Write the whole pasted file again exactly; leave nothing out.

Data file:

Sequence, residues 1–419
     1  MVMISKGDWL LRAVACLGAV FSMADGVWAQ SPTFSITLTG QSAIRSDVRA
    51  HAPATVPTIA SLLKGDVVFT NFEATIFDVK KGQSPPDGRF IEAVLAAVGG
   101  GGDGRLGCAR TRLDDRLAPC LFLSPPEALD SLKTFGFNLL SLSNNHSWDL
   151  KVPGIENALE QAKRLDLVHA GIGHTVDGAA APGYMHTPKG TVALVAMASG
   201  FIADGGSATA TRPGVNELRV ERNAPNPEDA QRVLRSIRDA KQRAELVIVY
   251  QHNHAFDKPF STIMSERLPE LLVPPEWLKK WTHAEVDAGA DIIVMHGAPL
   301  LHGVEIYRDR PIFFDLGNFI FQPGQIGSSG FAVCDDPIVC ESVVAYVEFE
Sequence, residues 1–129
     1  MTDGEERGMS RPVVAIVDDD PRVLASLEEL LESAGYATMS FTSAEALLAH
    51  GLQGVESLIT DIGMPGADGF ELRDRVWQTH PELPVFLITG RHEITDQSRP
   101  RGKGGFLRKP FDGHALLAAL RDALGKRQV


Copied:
Sequence, residues 1–419
     1  MVMISKGDWL LRAVACLGAV FSMADGVWAQ SPTFSITLTG QSAIRSDVRA
    51  HAPATVPTIA SLLKGDVVFT NFEATIFDVK KGQSPPDGRF IEAVLAAVGG
   101  GGDGRLGCAR TRLDDRLAPC LFLSPPEALD SLKTFGFNLL SLSNNHSWDL
   151  KVPGIENALE QAKRLDLVHA GIGHTVDGAA APGYMHTPKG TVALVAMASG
   201  FIADGGSATA TRPGVNELRV ERNAPNPEDA QRVLRSIRDA KQRAELVIVY
   251  QHNHAFDKPF STIMSERLPE LLVPPEWLKK WTHAEVDAGA DIIVMHGAPL
   301  LHGVEIYRDR PIFFDLGNFI FQPGQIGSSG FAVCDDPIVC ESVVAYVEFE
Sequence, residues 1–129
     1  MTDGEERGMS RPVVAIVDDD PRVLASLEEL LESAGYATMS FTSAEALLAH
    51  GLQGVESLIT DIGMPGADGF ELRDRVWQTH PELPVFLITG RHEITDQSRP
   101  RGKGGFLRKP FDGHALLAAL RDALGKRQV